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1 Law & Fin. Mkt. Rev. 1 (2007)

handle is hein.journals/lawfinancmr1 and id is 1 raw text is: Editorial

First Issues
This is our first issue, so a preliminary word about why we
are here seems appropriate. Every journal probably thinks it
is filling a gap in some way but we suffer from no delu-
sions as to the presence of competition in the banking/
financial law field. We just want to take a slightly different
approach. The name of our publication gives at least some of
the game away. We do not want to focus only on what some
call financial law (or even financial markets law). We
want to explore the relationship between law and the func-
tioning of the financial markets. This means that, for
example, in addition to legal developments affecting how
transactions are carried out, the laws on such things as extra-
dition and various aspects of financial crime also interest
us. Likewise, the implications of market practice and soft
law developments. Organisations are expected to observe
and comply with much more than just the law. Codes of
conduct and practice, various kinds of regulatory
pronouncement and promulgation, and the collective
wisdom of professional, trade and industry bodies have an
effect that can be indistinguishable from hard law. Such
things have a direct impact on the behaviour of market
participants and merit careful analysis and consideration.
Our approach results in an extensive agenda. We are not
limited to developments in English law, nor are we bound by
any preconceived requirements for any kind of geographical
balance. We want to look at law's role in serving an
expanding, international market. Addressing issues jurisdic-
tion by jurisdiction remains, of necessity, the norm, but for
how much longer? Whichever jurisdiction you may call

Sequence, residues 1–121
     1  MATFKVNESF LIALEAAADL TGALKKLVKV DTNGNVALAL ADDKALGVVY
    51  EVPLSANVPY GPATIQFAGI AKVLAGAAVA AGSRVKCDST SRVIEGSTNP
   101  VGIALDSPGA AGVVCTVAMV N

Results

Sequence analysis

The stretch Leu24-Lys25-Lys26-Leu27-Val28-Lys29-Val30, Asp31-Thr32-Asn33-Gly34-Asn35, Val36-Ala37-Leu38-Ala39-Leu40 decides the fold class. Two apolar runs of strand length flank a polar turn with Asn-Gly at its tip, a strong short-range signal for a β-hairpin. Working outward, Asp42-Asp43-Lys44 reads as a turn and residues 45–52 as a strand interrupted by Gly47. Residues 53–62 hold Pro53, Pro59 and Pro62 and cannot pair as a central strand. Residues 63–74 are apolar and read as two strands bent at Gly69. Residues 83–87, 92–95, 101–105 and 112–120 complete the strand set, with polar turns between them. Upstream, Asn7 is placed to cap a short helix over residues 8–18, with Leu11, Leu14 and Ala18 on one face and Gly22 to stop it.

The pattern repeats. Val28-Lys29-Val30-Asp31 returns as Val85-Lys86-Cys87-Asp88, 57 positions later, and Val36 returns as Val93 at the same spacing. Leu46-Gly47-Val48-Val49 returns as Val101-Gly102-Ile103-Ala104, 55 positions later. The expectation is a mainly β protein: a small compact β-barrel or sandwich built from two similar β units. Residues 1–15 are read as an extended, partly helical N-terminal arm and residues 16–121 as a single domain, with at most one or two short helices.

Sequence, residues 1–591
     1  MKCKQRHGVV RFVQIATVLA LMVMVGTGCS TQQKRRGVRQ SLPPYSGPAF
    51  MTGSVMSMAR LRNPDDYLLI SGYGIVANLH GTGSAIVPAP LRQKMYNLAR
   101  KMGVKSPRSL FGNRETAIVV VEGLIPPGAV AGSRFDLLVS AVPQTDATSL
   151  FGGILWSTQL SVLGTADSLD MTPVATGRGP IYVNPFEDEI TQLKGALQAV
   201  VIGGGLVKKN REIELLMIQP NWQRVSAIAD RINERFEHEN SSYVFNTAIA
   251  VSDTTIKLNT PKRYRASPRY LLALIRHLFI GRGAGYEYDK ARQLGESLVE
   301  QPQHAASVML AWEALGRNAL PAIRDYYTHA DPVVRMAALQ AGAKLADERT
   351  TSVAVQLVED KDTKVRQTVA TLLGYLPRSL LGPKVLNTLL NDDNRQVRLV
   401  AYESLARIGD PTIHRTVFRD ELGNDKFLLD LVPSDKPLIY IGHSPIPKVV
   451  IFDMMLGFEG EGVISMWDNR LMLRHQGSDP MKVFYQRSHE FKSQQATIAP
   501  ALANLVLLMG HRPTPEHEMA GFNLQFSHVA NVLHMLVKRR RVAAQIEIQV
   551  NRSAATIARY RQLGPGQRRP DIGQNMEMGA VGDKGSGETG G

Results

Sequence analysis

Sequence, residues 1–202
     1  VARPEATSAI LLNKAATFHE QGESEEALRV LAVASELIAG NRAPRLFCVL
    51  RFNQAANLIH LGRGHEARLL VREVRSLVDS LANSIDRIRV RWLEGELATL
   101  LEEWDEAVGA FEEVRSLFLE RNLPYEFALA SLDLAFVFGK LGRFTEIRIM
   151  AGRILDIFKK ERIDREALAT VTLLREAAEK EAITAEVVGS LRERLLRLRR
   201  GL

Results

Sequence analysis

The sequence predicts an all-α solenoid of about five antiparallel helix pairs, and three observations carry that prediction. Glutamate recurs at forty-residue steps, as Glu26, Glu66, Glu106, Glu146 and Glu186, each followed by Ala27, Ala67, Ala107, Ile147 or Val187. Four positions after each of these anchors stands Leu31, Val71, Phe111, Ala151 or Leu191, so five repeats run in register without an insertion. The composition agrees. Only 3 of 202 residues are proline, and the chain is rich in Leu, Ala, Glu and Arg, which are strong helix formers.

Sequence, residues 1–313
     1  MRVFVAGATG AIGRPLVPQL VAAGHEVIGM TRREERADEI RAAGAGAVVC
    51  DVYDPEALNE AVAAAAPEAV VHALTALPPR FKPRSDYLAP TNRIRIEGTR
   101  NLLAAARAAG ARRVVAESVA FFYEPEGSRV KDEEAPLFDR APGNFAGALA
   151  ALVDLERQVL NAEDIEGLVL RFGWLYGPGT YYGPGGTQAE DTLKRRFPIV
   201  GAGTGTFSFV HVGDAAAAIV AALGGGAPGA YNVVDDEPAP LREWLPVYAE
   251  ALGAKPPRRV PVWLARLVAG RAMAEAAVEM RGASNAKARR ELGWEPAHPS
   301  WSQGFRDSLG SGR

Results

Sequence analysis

home, your appreciation of how your laws work can only
be improved if you have some idea of how they do it in
other places. And looking at issues across jurisdictions may
help us see the direction we should be taking to deal with
the more complex issues to which the law still does not
supply a satisfactory answer.
Changes in the law are inevitable and may be thrust upon
us for a variety of reasons. Market participants do not always
greet reform proposals with open arms. The markets' desire
for certainty in the law is well known and understood but
we also need to understand when and why reforms might
be necessary, whether in mature or transitional jurisdictions.
Market innovation in some areas tends to set such a cracking
pace that the law gets left behind - with predictable legal
risk consequences. If it works, don't fix it can be a
dangerous policy, especially in the absence of clear case law.
We value highly contributions to our journal from market
participants (and are delighted that Allen & Overy, Clifford
Chance and Lovells are supporting our update service, with
Herbert Smith adding a general regulatory update with effect
from the next issue). But we also value contributions from
academics who are expert in the various fields we cover (and
their contributions are peer-reviewed).' We plan to feature
interviews with leading lawyers and others in addition to
conventional articles. Lord Woolf's observations in this issue

provide a fascinating perspective on how a body like the